It features photographs and artwork from the television series. Furthermore, Game of Thrones makes the intrigues of Westeros immediately accessible with streamlined rules and fixed decks of fifty cards each for House Stark and House Lannister. The whole experience is meant to help players dive into the game’s plots and battles as quickly as possible.

Meanwhile, Game of Thrones: The Card Game builds upon the its fixed decks by offering tremendous potential for strategy and replay with its unique rules for plot drafting. By pursuing new schemes each game, players retain a vital element of surprise.

Winter is Coming

Look for Game of Thrones: The Card Game to arrive at retailers everywhere by the fourth quarter of 2012!

 

Jun 202012
 
Jon Snow of Winterfell is about as clever a name as Luke Sand from Tattooine.

[cc_blockquote_left]“Frost, it makes the blade stick.” [/cc_blockquote_left] You know what else frost does? It makes for an awesome environment in gaming! When I think of my favorite adventures, an overwhelming portion of them have a segment where the protagonist(s) are somewhere cold. For me, snow and ice, or the whole “winter setting piece,” automatically enhance any roleplaying game. Honestly, I really think the reason for this is my love for the epic, Beowulf, and Norse lore in general. By “Norse lore”, I mean VIKINGS. Everyone knows about vikings, but very few people know that aligning your mindset with that of the “Warriors of the Frozen North” is an integral step in the pursuit of happiness. There was no such thing as a depressed viking!

“The Crystal Shard”, by R.A. Salvatore, takes its readers through the frigid tundra of Icewind Dale. The Dale’s harsh climate is as treacherous as it is desolate, so it houses only the toughest and most resilient creatures in the world. Salvatore does a wonderful job of providing background stories for each of the races that coexist in Icewind Dale, which sets the stage for the ultimate war between those races when the incentive to keep peace is lost. I believe that the battles fought on the frozen plains stick with the reader better than those in a forest, for instance, because the freezing environment is constantly and indiscriminately bearing down on all parties involved. The temperature is a poignant reminder for the Barbarians, Dwarves, Humans, Orcs, and Trolls involved in this conflict that victory does not necessarily mean survival. I think the level of the environment’s involvement in the story is very cool, and I also think that this can be achieved best through the use of a snowy environment like that of Icewind Dale.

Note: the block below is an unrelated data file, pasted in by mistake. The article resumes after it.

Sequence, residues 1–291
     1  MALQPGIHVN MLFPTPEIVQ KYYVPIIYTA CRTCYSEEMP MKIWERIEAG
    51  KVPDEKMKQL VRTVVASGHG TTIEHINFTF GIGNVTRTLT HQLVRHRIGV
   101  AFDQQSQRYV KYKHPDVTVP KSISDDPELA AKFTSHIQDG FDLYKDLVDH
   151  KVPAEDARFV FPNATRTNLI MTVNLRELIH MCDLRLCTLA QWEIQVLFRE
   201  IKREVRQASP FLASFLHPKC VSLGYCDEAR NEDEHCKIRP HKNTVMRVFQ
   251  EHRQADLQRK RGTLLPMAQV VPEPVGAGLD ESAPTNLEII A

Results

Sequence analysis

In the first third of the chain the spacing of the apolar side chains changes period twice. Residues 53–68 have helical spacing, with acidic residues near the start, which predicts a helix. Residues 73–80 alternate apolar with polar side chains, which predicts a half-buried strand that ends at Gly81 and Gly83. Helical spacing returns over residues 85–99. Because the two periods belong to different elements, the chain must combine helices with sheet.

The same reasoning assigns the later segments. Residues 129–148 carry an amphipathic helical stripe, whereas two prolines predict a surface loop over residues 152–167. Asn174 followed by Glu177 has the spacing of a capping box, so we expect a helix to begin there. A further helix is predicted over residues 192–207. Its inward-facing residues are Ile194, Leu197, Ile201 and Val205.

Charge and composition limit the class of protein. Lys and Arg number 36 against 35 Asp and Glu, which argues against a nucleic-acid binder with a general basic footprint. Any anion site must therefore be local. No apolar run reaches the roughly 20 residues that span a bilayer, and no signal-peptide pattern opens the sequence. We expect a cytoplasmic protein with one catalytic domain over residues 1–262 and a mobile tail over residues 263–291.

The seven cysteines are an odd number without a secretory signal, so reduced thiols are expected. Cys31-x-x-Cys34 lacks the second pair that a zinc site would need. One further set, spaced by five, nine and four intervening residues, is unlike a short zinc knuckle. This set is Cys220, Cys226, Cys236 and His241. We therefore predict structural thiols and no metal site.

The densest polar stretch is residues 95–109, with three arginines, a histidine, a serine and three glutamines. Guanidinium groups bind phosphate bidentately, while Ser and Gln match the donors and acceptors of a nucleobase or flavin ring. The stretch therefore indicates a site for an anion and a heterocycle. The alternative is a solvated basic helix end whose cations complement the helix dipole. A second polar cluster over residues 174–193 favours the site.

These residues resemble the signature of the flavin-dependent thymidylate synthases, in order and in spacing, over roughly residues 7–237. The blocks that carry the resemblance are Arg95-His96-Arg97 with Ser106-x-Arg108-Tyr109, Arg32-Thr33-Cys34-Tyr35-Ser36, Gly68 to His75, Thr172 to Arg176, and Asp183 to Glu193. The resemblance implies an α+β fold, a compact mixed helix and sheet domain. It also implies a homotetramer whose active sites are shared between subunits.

The Game of Thrones books/television series is another great example of why the snow and cold is great in storytelling. The entire series is based around the ominous and cryptic phrase, “Winter is coming.” The people in this world enjoy summers for several years (sometimes decades) and suffer through particularly long and harsh winters. The threat of another winter is always looming in all of their minds, and almost solidifies the futility of the nonstop conflict over the Iron Throne. The real priorities will start to emerge when everyone is freezing their tails off!

Jon Snow of Winterfell is about as clever a name as Luke Sand from Tattooine.

So really, who doesn’t like a “snow level” in their games every now and again? I think snow and ice provide the most visually enticing environments to a player in nearly every conceivable scenario.
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Jun 142012
 
Amidala

[cc_full_width_col background_color="141314" shadow_color="000000" border_color="0a678f" radius="6"]There are many forms of nerds in the world. Different geeks have different streaks, and we tend to run in packs. There’s the Sci-fi crowd, setting their phasers and channelling the force when not hunting replicants or bringing glory to the God Emperor of Man. And then, there’s the Fantasy crowd who spend their nights slaying dragons, fending off the nefarious forces of Mordor, or conquering the land of Westeros. There are even more types and sorts, but at bottom there is something integral to us all.

That something is how we interpret and organize our data of choice. What separates a true nerd or geek from someone who is simply enthusiastic about something is how they organize the data. For example, I am an enthusiast of flight. I love planes of all shapes and sorts because to me they are a true symbol of man’s ambition. We cannot live in the sky, there is no food or resources… even the water there is in a form that we cannot easily make use of. But the allure of flight is one that I enjoy. I will not, however, claim to be an expert of aerospace engineering. I may know a thing or two about physics and the basics of aerodynamics, but I doubt Boeing is looking for someone of my qualifications. I am enthusiastic about flight, but I am not an expert, and expertise is where gaming can truly shine.

There are other bloggers and contributors to this fine website who I can vouch for being exceedingly knowledgeable in the fictional histories of their choice. The Lord of the Rings, Star Trek, Star Wars, Marvel, DC, Fire Fly… these are mythologies in the truest sense. We tell stories of the Batman and Joker, Elim Garak, and The Doctor and the Daleks as if they were tales of Zeus and Hades or Thor and Loki (well we tell stories about them as well). But we do not simply tell stories, we also nurture and craft the setting in which they are told.